Archive for the ‘Alain Mabanckou’ Category

Black Moses

April 25, 2017

Alain Mabanckou was no stranger to the Man Booker International’s predecessor, the Independent Foreign Fiction Prize, having been shortlisted in 2010 for Broken Glass and then long-listed in 2013 for Black Bazaar. He also featured among the ten nominees for the final Man Booker International Prize awarded for a lifetime’s work in 2015. With such a pedigree, it is perhaps no surprise to see him long-listed again this year with Black Moses, translated, as is most of his work, by Helen Stevenson. The novel is set, as is all of Mabanckou’s work, in (and near) the coastal city of Point-Noire in the Republic of the Congo where he was born and brought up. (Though his novels are not – as far as I can tell – linked, he seems intent on painting a detailed picture of his home city in his writing). We can date the novel’s beginning to 1970, when the country is subject to a Marxist-Leninist revolution (Mabanckou was born in 1966).

The novel opens with Moses in his early teens, living in an orphanage on the outskirts of Point-Noire. His happiest moments coincide with the appearance of the priest, Papa Moupelo, to lead them in traditional dances:

“For a couple of hours or more we’d forget who or where we were. Our shouts of laughter rang out beyond the confines of the orphanage.”

When Papa Moupelo fails to appear Moses, and his friend, Bonaventure, fear something is wrong:

“Just look at the warders faces – there’s something there not telling us! You might as well start weeping right now, I’m sure Papa Moupelo is dead.”

In fact, Papa’s disappearance is the result of a Communist revolution, as we see when a sign saying ‘MEETING HUT FOR THE NATIONAL MOVEMENT OF THE PIONEERS OF THE SOCIALIST REVOUION OF THE CONGO’ is nailed to the door of his room and the children are exhorted to:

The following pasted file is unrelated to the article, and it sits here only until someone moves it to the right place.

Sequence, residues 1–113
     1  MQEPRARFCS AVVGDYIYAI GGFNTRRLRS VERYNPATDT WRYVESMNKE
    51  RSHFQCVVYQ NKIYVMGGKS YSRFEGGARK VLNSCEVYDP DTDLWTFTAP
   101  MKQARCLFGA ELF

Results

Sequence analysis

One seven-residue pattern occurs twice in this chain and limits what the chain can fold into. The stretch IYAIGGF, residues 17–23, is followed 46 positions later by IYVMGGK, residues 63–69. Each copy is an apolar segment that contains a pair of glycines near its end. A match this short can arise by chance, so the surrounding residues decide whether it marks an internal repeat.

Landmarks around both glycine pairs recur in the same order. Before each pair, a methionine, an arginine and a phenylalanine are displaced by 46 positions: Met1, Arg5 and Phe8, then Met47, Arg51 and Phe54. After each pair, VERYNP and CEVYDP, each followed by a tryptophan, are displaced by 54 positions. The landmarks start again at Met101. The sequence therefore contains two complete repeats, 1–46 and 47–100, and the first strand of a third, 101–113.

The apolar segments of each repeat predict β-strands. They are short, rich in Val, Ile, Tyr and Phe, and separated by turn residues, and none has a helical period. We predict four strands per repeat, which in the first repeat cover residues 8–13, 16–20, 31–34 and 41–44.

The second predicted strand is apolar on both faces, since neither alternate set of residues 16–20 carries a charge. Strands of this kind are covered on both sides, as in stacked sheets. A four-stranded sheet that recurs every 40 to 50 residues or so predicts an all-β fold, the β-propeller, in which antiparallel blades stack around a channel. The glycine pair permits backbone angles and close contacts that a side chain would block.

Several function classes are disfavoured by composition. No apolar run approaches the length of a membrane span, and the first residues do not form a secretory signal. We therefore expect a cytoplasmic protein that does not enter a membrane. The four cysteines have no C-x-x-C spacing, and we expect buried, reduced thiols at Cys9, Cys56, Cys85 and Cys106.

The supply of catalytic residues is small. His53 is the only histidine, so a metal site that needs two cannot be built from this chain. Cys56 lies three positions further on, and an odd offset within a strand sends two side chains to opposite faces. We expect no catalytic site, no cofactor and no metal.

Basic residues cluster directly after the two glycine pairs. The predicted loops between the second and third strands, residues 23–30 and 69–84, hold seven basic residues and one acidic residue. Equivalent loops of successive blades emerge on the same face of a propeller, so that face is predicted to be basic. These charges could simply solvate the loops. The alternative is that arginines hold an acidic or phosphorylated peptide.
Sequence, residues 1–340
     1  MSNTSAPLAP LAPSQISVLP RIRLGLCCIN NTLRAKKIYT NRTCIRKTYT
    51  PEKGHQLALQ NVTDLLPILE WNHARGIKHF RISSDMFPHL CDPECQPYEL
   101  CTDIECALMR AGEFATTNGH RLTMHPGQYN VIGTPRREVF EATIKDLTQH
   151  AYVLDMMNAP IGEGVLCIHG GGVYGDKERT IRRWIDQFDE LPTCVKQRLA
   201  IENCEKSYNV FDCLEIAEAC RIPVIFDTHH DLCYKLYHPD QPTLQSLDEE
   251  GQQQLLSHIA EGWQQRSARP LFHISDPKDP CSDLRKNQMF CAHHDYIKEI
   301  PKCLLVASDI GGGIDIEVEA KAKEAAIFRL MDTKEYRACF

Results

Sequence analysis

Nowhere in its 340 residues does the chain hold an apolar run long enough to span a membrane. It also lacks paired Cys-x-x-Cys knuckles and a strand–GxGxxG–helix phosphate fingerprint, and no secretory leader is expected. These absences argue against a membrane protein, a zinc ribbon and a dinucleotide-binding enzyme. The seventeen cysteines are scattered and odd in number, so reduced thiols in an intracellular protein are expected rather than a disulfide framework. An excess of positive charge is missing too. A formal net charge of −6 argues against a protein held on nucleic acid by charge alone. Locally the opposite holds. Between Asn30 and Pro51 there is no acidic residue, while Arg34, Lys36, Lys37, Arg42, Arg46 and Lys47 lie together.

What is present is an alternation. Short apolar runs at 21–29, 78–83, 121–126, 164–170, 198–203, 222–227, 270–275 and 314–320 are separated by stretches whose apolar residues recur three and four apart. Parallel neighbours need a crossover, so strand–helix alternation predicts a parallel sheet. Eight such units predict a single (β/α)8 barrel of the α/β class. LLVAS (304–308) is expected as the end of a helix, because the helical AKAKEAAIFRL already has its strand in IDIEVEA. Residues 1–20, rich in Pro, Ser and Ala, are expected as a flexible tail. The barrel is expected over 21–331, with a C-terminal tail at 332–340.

“…track down enemies of the Revolution, including those living in our own country, with the same colour of skin as ours, who were referred to as the ‘local lackeys of imperialism’.”

The first half of the novel works well as a political satire, as we see the effects of the new regime on the microcosm of the orphanage:

“We never forgot, though, that before the Revolution the three former corridor wardens were just bruisers with zero intelligence. Now the Director had given them an office close to his on the first floor. They shut themselves in there to prepare Pioneers Awake, a propaganda sheet they posted on the wall of the hut of the National Movement of Pioneers every Monday morning.”

This is simply made up of extracts of the President’s speeches and a “passionate editorial” from the Director, who seems to believe the Head of State will read every issue.

In the novel’s second half, however, Moses escapes from the orphanage and heads to Point-Noire in the company of twins who quickly make the step up from bullies to gangsters. From that point on the novel is more in keeping with the picaresque nature of Mabanckou’s previous work. Moses becomes embroiled in various adventures, usually on the fringes of criminality, as his luck goes up and down like a skipping rope. If you haven’t read Mabanckou before, this is both entertaining and enlightening – after all, novels set in the Congo don’t come along every day. However, reading Mabanckou, I can’t help but be reminded of Irvine Welsh – what initially seems vibrant, brave and break-through eventually feels like the same old trick. In this sense Mabanckou is, for me, an author of diminishing returns. This novel, too, diminished in its second half, Mabanckou’s casual use of madness, and an a suddenly climactic ending which felt out of all proportion to anything which had come before, failing to fulfil the promise of its early pages.

Broken Glass

April 2, 2010

Alain Mabanckou’s Broken Glass does not give us what we might expect from an African novel. There is no heroic character struggling against poverty or oppression; instead we have an unsympathetic narrator who has given up. Even his nickname, Broken Glass, suggests his incorrigible nature: